Archives for 9/14/2005

New Media & Entertainment Summit, NYC, Oct. 26-27

I’ll be speaking at Oxford & York’s upcoming New Media & Entertainment Summit, New York, October 26-27, in association with Oxford University. I hope to see you there!

Here’s the advertisement:

Media, Communications & Technology Summit
New York City
The Union League Club of New York
38 East 37th Street
October 26-27, 2005.

The summit will commence with an early evening registration followed by a reception and keynote address. Please join us and a select group of senior executives from the communications, media, entertainment, and financial services sectors in a thoughtful dialogue on the forces affecting our most influential and competitive companies. To paraphrase the New York Times, the ruling media elite is quickly adapting the methodology and technology of the insurgency, attempting to co-opt something that was meant to tip them over. So far, the new technologies have been very sexy, but how will they become very profitable?

Our summit will explore the great hidden tech boom, how new media is transforming old media, revenue maximization for media and entertainment companies, improving the value of publishing businesses, media piracy, the hidden value of internal audit in addressing key business risks, how some telecommunication companies are leapfrogging competitors, how to promote the entrepreneurial spirit within large companies, and the state of technology and social change. Please visit for additional program and registration details.

To highlight just a few speakers:

+ Chris Ahearn, President, Reuters Media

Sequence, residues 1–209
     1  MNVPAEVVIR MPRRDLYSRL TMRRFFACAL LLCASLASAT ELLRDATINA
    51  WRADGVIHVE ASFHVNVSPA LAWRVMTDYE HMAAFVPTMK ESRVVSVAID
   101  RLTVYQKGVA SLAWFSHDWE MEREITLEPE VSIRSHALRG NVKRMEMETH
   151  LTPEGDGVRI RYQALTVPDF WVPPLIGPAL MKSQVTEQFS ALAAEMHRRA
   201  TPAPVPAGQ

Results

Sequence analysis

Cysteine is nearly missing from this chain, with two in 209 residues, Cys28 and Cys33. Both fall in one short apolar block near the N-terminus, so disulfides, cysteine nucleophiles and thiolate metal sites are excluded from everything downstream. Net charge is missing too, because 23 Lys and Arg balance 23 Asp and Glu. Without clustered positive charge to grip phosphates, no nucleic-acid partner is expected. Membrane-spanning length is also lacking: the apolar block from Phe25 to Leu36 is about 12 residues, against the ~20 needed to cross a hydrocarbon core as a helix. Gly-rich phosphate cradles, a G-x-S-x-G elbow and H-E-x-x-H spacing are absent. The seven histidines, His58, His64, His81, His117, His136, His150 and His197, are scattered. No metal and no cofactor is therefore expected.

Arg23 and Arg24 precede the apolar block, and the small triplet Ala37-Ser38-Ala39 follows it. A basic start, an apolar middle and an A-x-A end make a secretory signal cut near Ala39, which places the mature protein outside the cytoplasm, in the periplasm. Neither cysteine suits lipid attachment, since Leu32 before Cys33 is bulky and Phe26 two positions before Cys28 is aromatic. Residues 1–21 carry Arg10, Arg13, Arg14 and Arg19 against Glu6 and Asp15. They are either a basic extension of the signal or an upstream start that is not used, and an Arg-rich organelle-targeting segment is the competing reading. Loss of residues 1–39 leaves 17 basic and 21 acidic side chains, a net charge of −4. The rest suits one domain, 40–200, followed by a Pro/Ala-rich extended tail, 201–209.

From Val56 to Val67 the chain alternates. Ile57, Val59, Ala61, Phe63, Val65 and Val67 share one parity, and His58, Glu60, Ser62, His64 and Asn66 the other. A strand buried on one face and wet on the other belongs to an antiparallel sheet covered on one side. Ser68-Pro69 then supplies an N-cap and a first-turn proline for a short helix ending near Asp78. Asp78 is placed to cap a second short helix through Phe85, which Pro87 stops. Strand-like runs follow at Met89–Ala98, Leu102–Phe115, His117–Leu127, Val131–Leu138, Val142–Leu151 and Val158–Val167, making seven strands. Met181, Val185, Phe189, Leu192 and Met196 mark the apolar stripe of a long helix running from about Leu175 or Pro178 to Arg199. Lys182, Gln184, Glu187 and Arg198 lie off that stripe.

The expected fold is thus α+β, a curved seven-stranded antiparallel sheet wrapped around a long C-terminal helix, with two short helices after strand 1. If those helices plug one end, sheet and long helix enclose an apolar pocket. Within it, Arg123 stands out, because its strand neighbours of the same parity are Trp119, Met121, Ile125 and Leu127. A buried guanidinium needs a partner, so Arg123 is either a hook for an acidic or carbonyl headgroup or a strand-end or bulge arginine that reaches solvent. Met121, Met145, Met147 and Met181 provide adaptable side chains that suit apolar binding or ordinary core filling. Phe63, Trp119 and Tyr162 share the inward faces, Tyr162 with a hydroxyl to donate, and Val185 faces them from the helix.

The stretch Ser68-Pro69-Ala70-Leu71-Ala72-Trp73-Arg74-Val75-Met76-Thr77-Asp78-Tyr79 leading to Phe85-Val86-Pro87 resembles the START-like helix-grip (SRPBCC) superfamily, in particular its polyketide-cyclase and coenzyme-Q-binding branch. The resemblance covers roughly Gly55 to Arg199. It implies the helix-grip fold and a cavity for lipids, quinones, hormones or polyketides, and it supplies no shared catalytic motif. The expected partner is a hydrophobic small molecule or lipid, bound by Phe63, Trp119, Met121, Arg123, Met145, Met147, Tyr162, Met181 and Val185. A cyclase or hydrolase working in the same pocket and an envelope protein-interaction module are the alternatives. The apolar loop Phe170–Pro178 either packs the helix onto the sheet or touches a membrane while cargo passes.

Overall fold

+ Donald A. Baer, Senior Vice President, Strategy and Development, and Head of New Media, Discovery Communications

+ Denmark West, Executive Vice President, Strategy and Business Development, MTV, Inc.

+ John Nendick, Americas Media & Entertainment Sector Leader, Ernst & Young LLP

+ Thomas Harrison, Chairman & CEO, Diversified Agency Services Group, and Author, INSTINCT

+ Jonathan Goodwin, Co-founder & CEO, LongAcre Partners

+ Jay Rosen, Author, PressThink, and former Chair, School of Journalism, New York University

+ David Teten, CEO, Nitron Advisors, and Co-Author, The Virtual Handshake: Opening Doors and Closing Deals Online

+ Sandy Pentland, Toshiba Professor of Media Arts & Sciences, MIT, The Media Laboratory

+ Robin Johnson, President of The Financial Times, Americas

+ Scott H. Frewing, Partner, Baker & McKenzie LLP

+ Cary Sherman, President and General Counsel, Recording Industry Association of America

+ Evan Williams, Co-founder and former CEO, Pyra Labs, the creators of Blogger, and Founder, Odeo

+ Thomas Hesse, President, Global Digital Business, Sony BMG Music

+ Paul Maidment, Editor,

+ Jeremy Zawodny, Chief Technical, Yahoo! Inc., and Author, High Performance MySQL

+ Thomas V. Ryan, Senior Vice President, Mobile & Digital Development, EMI Music

+ Anthony Hopwood, Peter Moores Dean, The Said Business School, Oxford University

Take the plunge and join us and our friends from Ernst & Young LLP, Yahoo! Search, the Financial Times, Forbes, and The Said Business School, Oxford University, at this forward-thinking conference.


The Conversation is Real